Clinical features of adult-onset chronic active Epstein–Barr virus infection: a retrospective analysis

  • Ayako Arai
  • Ken-Ichi Imadome
  • Yuko Watanabe
  • Mayumi Yoshimori
  • Takatoshi Koyama
  • Takeharu Kawaguchi
  • Chiaki Nakaseko
  • Shigeyoshi Fujiwara
  • Osamu Miura
Original Article


We performed a retrospective analysis of patients with adult-onset chronic active Epstein–Barr virus infection (CAEBV). First, we analyzed five patients (aged 28–72) diagnosed at our hospitals with EBV-infected clonally proliferating T cells. Four patients were administered cyclophosphamide/doxorubicin/vincristine/prednisone (CHOP) chemotherapy, but no remarkable decrease of viral load was observed in three of the patients. The other patient died 19 days after initiation of CHOP treatment due to disease progression. Addition of high-dose cytarabine to the regimens of two of the patients was discontinued shortly after administration, due to the development of grade 4 pericardial effusion. Together, these regimens may be insufficient for treating adult-onset CAEBV. We next reviewed 23 adult-onset CAEBV patients, adding 18 previously reported patients to the five patients described in the present study. T cells were frequently infected (87%), whereas NK- and T-cell types are known to be almost equally prevalent in childhood-onset cases. The time duration from the onset of disease to initiation of treatment averaged 20 months. Reports showed that 12 patients died; seven patients died at an average of 8 months after initiation of treatment. Patients’ disease courses seemed to be rapidly progressive and more aggressive than those of childhood-onset cases. More cases must be studied to clarify clinical features and establish an optimal treatment strategy.


Chronic active Epstein–Barr virus infection Adult-onset EBV-positive T-cell lymphoproliferative disorders of childhood Chemotherapy Clinical features 


  1. 1.
    Okano M, Kawa K, Kimura H, Yachie A, Wakiguchi H, Maeda A, et al. Proposed guidelines for diagnosing chronic active Epstein–Barr virus infection. Am J Hematol. 2005;80:64–9.PubMedCrossRefGoogle Scholar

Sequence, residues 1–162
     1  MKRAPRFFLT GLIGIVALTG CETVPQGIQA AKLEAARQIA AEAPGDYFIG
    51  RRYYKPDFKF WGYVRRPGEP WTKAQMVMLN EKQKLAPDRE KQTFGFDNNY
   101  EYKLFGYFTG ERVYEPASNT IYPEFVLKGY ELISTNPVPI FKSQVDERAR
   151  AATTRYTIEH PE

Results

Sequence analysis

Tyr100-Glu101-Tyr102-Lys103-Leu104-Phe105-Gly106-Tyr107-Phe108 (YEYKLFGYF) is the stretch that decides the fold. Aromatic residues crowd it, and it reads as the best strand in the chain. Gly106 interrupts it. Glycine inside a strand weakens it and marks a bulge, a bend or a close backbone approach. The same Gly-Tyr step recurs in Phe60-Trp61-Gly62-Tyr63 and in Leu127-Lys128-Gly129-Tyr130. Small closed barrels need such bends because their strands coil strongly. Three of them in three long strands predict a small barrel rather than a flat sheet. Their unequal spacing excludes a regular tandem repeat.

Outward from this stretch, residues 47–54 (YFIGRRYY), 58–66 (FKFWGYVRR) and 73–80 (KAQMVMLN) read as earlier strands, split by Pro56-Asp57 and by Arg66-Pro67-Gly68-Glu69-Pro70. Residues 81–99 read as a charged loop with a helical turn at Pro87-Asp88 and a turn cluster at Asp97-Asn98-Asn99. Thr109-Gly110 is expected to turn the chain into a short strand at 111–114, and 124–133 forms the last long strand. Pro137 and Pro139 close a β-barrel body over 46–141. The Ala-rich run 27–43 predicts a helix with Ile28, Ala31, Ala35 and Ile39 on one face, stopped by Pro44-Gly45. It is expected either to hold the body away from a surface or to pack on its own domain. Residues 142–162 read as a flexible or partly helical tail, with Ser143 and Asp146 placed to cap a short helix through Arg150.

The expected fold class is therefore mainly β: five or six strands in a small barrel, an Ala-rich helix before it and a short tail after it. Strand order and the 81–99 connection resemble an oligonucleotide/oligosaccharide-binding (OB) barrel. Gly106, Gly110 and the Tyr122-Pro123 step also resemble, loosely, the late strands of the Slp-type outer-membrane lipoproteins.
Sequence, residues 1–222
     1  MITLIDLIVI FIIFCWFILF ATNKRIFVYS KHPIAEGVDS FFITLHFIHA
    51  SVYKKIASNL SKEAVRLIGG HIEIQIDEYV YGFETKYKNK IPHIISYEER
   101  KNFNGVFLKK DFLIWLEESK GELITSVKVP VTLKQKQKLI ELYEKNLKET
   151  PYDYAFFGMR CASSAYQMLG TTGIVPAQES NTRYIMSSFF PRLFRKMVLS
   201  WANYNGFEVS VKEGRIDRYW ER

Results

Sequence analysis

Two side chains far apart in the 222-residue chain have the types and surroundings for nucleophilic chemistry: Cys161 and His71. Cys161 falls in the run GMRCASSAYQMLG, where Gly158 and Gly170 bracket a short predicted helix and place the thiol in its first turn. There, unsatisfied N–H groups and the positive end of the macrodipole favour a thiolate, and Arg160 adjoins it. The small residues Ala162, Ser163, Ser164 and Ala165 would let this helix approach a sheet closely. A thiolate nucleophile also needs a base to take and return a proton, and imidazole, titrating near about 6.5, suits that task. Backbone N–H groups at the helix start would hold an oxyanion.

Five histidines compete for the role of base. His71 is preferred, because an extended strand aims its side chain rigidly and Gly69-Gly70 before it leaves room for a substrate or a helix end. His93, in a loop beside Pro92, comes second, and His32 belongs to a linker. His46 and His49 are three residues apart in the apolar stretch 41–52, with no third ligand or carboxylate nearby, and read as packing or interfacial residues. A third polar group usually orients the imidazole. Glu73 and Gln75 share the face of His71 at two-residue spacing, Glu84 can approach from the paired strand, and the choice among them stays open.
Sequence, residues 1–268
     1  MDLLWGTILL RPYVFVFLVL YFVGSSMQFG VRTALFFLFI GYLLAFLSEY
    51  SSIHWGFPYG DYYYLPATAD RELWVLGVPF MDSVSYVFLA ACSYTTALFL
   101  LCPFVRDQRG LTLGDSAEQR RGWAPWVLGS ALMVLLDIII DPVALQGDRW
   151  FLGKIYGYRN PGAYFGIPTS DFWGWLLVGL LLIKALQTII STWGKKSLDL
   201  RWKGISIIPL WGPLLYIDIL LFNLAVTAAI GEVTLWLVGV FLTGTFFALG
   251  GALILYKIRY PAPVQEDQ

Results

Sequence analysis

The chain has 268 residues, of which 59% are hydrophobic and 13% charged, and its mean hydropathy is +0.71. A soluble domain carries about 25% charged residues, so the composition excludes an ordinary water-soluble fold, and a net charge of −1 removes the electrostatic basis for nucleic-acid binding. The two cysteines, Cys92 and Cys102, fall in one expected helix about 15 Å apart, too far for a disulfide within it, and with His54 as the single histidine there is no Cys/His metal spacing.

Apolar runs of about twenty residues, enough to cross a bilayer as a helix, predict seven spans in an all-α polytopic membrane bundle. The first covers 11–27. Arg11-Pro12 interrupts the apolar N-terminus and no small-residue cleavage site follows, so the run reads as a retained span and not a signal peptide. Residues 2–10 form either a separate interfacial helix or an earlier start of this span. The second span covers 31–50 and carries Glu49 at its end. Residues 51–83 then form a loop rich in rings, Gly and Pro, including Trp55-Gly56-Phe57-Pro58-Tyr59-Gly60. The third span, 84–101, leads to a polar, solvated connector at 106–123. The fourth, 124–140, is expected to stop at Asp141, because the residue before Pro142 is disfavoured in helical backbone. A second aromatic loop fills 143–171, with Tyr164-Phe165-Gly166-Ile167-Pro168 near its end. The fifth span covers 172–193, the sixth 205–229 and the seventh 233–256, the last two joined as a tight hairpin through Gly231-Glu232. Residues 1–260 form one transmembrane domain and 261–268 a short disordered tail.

2. 2.
    Quintanilla-Martinez L, Kimura H, Jaffe ES. EBV-positive T-cell lymphoproliferative disorders of childhood. In: Jaffe ES, Harris NL, Stein H, Vardiman JW, editors. World Health Organization Classification of Tumors. Pathology and Genetics of Tumours of Haematopoietic and Lymphoid Tissues. Lyon: IARC Press; 2008. p. 278–80.Google Scholar
  3. 3.
    Ohshima K, Kimura H, Yoshino T, Kim CW, Ko YH, Lee SS, et al. Proposed categorization of pathological states of EBV-associated T/natural killer-cell lymphoproliferative disorder (LPD) in children and young adults: overlap with chronic active EBV infection and infantile fulminant EBV T-LPD. Pathol Int. 2008;58:209–17.PubMedCrossRefGoogle Scholar
  4. 4.
    Sato E, Ohga S, Kuroda H, Yoshiba F, Nishimura M, Nagasawa M, et al. Allogeneic hematopoietic stem cell transplantation for Epstein–Barr virus-associated T/natural killer-cell lymphoproliferative disease in Japan. Am J Hematol. 2008;83:721–7.PubMedCrossRefGoogle Scholar
  5. 5.
    Imadome K, Shimizu N, Arai A, Miura O, Watanabe K, Nakamura H, et al. Coexpression of CD40 and CD40 ligand in Epstein–Barr virus-infected T and NK cells and their role in cell survival. J Infect Dis. 2005;192:1340–8.PubMedCrossRefGoogle Scholar
  6. 6.
    Koyama M, Takeshita Y, Sakata A, Sawada A, Yasui M, Okamura T, et al. Cytotoxic chemotherapy successfully induces durable complete remission in 2 patients with mosquito allergy resulting from Epstein–Barr virus-associated T-/natural killer cell lymphoproliferative disease. Int J Hematol. 2005;82:437–40.PubMedCrossRefGoogle Scholar
  7. 7.
    Fujii N, Takenaka K, Hiraki A, Maeda Y, Ikeda K, Shinagawa K, et al. Allogeneic peripheral blood stem cell transplantation for the treatment of chronic active Epstein–Barr virus infection. Bone Marrow Transplant. 2000;26:805–8.PubMedCrossRefGoogle Scholar
  8. 8.
    Sato-Matsumura KC, Matsumura T, Kobayashi H, Fujimoto K, Itoh T, Shimizu M, et al. Marked swollen erythema of the face together with sicca syndrome as a sign for chronic active Epstein–Barr virus infection. Br J Dermatol. 2000;143:1351–3.PubMedCrossRefGoogle Scholar
  9. 9.
    Kimura H, Hoshino Y, Kanegane H, Tsuge I, Okamura T, Kawa K, et al. Clinical and virologic characteristics of chronic active Epstein–Barr virus infection. Blood. 2001;98:280–6.PubMedCrossRefGoogle Scholar
  10. 10.
    Hauptmann S, Meru N, Schewe C, Jung A, Hiepe F, Burmester G, et al. Fatal atypical T-cell proliferation associated with Epstein–Barr virus infection. Br J Haematol. 2001;112:377–80.PubMedCrossRefGoogle Scholar
  11. 11.